It was HaShem’s original intention, explains the Ramchal, to create a universe in which the spiritual and the physical coexist without the slightest tension or disharmony. 2 According to this design, the flow of spirituality into the material world requires a physical vessel able to receive and hold the infusion of kedusha. Ostensibly, the altar of the mishkan or the mikdash served this function. Ideally, the Jew himself becomes the altar of HaShem.
An altar must be constructed and maintained physically before it can function spiritually. As the mishna says: Ain kemach, ain Torah; if there is no flour, there is no Torah. 3 The spiritual survival of the Jewish nation requires, most fundamentally, the provision and maintenance of material resources.
From the very beginning, the Jewish people understood this principle implicitly. Zevulun worked to support the Torah study of Yissachar, just as the whole nation donated the priestly tithes to support the spiritual service of the Kohanim and Leviim. 4 And even earlier, Yaakov and Eisav were to have had a similar relationship, with Eisav, the man of the field, supporting the spiritual pursuits of Yaakov, the one who dwells in the tents of Torah study. 5
But Eisav’s rejection of that partnership necessitated a change of plan. Yaakov would have to shoulder both burdens – the material support and the spiritual service. 6 That dual mission would pose such enormous challenges to the descendants of Yaakov that, by virtue of the natural limitations of the physical world, they could not possibly succeed. Only supernatural effort and merit could keep the Torah alive.
This is the significance of the battle between Yaakov and the malach, identified by the sages as the guardian angel of Eisav. 7 Although Yaakov ultimately prevailed over the malach, the contest left him wounded him in the hollow of his thigh. This injury of the lower extremities, the more physical part of the body adjacent to the organs of reproduction, alludes to a future conflict regarding the role that was originally intended for Eisav.
And so, the sages describe Yaakov’s injury with the expression nogah b’tamchin d’oraissa – a defect in the support of Torah. They foresaw that the day would come when those Jews possessing the material means of supporting Torah institutions would no longer recognize their responsibility to do so, when their respect for Torah scholars would diminish to such an extent that they no longer consider themselves partners in Torah survival. 8
In such a generation, Yaakov Avinu limps. And yet, although he limped away from his confrontation with Eisav’s malach, Yaakov returned sholeim – intact – from his encounter with Eisav himself. If so, what must we do to enable Yaakov’s recovery in our generation?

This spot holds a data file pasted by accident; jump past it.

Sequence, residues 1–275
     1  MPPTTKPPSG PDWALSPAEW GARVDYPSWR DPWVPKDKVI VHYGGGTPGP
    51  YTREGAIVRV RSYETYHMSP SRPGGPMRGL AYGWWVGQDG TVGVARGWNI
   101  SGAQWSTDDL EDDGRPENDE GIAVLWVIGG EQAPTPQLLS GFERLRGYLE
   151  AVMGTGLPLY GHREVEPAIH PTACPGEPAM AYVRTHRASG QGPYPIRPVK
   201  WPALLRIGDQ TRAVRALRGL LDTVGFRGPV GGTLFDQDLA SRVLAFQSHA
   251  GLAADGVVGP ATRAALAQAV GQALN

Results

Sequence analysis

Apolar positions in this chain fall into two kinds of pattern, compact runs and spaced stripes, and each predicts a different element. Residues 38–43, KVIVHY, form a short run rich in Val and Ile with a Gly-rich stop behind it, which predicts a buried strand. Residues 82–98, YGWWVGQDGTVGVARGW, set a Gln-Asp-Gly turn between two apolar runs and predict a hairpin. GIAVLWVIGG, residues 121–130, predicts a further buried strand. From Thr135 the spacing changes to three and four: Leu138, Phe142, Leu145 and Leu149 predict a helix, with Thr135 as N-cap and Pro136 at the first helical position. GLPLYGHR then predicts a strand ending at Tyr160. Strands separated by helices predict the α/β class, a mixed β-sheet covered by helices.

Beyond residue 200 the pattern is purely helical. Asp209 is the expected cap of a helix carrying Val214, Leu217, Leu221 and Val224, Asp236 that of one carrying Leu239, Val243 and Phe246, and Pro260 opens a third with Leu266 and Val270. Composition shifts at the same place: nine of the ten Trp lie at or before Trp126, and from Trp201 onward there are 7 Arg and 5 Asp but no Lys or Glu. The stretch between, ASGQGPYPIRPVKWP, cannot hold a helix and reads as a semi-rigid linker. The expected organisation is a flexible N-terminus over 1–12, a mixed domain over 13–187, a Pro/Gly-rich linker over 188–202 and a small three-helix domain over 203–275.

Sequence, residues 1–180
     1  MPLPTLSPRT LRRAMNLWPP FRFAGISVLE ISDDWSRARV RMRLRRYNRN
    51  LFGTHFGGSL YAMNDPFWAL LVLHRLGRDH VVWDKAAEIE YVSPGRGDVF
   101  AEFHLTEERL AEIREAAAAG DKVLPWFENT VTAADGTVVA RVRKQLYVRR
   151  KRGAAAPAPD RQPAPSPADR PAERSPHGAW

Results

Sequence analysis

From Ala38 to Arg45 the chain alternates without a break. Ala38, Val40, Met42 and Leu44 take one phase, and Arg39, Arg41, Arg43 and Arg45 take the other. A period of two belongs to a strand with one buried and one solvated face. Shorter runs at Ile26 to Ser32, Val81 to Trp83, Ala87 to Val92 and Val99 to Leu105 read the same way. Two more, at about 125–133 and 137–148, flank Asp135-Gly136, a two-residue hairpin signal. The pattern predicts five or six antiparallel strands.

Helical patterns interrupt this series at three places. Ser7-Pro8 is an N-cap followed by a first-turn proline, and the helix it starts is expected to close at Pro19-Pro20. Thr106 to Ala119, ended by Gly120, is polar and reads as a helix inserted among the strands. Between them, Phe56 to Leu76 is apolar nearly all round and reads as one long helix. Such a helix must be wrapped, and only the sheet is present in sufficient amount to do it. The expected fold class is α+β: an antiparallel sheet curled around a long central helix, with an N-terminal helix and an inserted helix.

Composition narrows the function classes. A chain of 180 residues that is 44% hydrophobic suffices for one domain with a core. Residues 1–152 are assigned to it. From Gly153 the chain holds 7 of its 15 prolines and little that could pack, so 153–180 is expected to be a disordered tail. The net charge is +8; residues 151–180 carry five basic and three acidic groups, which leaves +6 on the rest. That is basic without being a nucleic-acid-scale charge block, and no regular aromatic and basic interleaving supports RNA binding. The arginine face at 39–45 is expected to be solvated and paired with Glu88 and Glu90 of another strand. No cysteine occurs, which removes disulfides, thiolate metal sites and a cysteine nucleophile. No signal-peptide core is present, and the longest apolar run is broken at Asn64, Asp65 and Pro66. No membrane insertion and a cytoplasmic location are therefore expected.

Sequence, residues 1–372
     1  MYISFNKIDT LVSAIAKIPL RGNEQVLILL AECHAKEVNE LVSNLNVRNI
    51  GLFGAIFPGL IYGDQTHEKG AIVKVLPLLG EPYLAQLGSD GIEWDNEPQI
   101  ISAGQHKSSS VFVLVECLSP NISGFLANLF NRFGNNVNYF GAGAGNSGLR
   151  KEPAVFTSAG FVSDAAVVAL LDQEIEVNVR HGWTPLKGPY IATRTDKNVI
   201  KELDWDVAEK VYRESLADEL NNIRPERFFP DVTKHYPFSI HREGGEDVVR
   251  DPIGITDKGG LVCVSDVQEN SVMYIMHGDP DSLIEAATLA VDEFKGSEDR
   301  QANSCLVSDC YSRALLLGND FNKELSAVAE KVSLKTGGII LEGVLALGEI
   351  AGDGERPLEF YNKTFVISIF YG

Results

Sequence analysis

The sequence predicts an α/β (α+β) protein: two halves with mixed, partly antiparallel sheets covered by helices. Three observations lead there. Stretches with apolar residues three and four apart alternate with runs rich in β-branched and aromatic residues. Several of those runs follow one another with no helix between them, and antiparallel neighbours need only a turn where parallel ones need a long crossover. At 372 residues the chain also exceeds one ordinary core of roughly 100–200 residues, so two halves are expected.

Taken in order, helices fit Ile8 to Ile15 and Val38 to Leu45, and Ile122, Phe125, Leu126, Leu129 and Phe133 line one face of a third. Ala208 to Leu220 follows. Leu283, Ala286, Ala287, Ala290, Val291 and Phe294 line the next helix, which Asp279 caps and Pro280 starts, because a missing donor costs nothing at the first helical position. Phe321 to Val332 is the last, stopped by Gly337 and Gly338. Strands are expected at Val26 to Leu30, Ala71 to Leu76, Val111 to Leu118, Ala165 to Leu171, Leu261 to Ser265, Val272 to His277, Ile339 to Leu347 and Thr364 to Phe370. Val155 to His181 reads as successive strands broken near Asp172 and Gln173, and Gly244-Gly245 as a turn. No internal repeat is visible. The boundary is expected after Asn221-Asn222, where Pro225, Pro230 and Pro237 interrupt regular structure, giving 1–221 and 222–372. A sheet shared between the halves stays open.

HARMONY OF THE MATERIAL AND THE SPIRITUAL
Rambam offers a solution. In the generations since the destruction of the Beis HaMikdash, the tribe of Levi has redefined its role from ministering as priests to becoming serving as scholars and teachers of the Jewish people. And it is not only those Jews born into the Levitical tribe who have donned this mantle, but all who devote themselves exclusively to Torah study that have the responsibility to teach their brethren through words and through example. 9
When a Torah scholar conducts himself lifnim mishuras hadin, by upholding the spirit as well as the letter of the law, when he speaks pleasantly with all people, when he shows concern for them and greets them cordially no matter what their station, when he offers no insult and conducts himself impeccably in business, when he performs his mitzvos meticulously and carries himself with dignity – then, promises Rambam, his fellow Jews cannot help but be drawn to him and to the Torah that is the guiding influence in every aspect of his life. 10
And if we find that those of our fellow Jews who are not immersed in Torah and mitzvos are not inspired to be partners in the support of Torah, then the community of scholars must accept much of the responsibility upon itself, and must rededicate itself to the task of kiddush HaShem.
Herein lies an understanding of the first step in rebuilding the altar of HaShem, the foundation of which is secured only through the contribution of material resources – shekalim. In contributing to the literal and figurative foundations of the mishkan, every Jew was equal to every other Jew. Only in this way, through the harmonious combination of the material and the spiritual, can the service and the sanctification of the Jewish people become complete.
We find this very ideal expressed in the yotzros, the liturgical poems added by many congregations to the service of Parshas Shekalim:
Who can surmise the numbers of those “counted ones,”
Who are not countable through any kind of lottery?
HaShem struck a covenant with them from then, from the time of that census,
That there should never be lacking from their number a basic blend…